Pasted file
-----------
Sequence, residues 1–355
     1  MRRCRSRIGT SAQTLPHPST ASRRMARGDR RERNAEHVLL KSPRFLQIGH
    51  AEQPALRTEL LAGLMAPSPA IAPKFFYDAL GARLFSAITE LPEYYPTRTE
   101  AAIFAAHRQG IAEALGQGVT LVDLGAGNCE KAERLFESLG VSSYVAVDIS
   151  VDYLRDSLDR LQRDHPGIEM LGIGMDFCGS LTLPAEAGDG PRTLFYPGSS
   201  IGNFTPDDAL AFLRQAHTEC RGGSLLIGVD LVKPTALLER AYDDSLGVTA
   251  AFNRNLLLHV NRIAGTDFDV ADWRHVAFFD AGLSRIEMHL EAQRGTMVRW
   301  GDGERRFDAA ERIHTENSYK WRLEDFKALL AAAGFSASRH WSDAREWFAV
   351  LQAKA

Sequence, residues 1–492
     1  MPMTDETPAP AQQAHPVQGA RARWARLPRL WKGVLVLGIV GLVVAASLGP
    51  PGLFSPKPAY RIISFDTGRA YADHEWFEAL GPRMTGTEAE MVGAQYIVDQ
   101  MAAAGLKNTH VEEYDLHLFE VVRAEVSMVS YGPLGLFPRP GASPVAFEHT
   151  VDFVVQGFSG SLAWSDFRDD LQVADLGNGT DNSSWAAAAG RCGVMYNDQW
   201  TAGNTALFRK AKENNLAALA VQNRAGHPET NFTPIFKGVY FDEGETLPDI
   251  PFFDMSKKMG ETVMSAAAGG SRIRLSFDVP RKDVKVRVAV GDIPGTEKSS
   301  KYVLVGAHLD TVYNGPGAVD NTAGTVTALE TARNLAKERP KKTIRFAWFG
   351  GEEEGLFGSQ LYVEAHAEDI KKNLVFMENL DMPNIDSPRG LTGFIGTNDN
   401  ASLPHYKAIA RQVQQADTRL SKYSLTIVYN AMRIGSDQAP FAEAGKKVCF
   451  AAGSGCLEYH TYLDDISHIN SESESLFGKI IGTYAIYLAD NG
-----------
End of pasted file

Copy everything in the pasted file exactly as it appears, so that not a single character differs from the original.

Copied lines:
Sequence, residues 1–355
     1  MRRCRSRIGT SAQTLPHPST ASRRMARGDR RERNAEHVLL KSPRFLQIGH
    51  AEQPALRTEL LAGLMAPSPA IAPKFFYDAL GARLFSAITE LPEYYPTRTE
   101  AAIFAAHRQG IAEALGQGVT LVDLGAGNCE KAERLFESLG VSSYVAVDIS
   151  VDYLRDSLDR LQRDHPGIEM LGIGMDFCGS LTLPAEAGDG PRTLFYPGSS
   201  IGNFTPDDAL AFLRQAHTEC RGGSLLIGVD LVKPTALLER AYDDSLGVTA
   251  AFNRNLLLHV NRIAGTDFDV ADWRHVAFFD AGLSRIEMHL EAQRGTMVRW
   301  GDGERRFDAA ERIHTENSYK WRLEDFKALL AAAGFSASRH WSDAREWFAV
   351  LQAKA

Sequence, residues 1–492
     1  MPMTDETPAP AQQAHPVQGA RARWARLPRL WKGVLVLGIV GLVVAASLGP
    51  PGLFSPKPAY RIISFDTGRA YADHEWFEAL GPRMTGTEAE MVGAQYIVDQ
   101  MAAAGLKNTH VEEYDLHLFE VVRAEVSMVS YGPLGLFPRP GASPVAFEHT
   151  VDFVVQGFSG SLAWSDFRDD LQVADLGNGT DNSSWAAAAG RCGVMYNDQW
   201  TAGNTALFRK AKENNLAALA VQNRAGHPET NFTPIFKGVY FDEGETLPDI
   251  PFFDMSKKMG ETVMSAAAGG SRIRLSFDVP RKDVKVRVAV GDIPGTEKSS
   301  KYVLVGAHLD TVYNGPGAVD NTAGTVTALE TARNLAKERP KKTIRFAWFG
   351  GEEEGLFGSQ LYVEAHAEDI KKNLVFMENL DMPNIDSPRG LTGFIGTNDN
   401  ASLPHYKAIA RQVQQADTRL SKYSLTIVYN AMRIGSDQAP FAEAGKKVCF
   451  AAGSGCLEYH TYLDDISHIN SESESLFGKI IGTYAIYLAD NG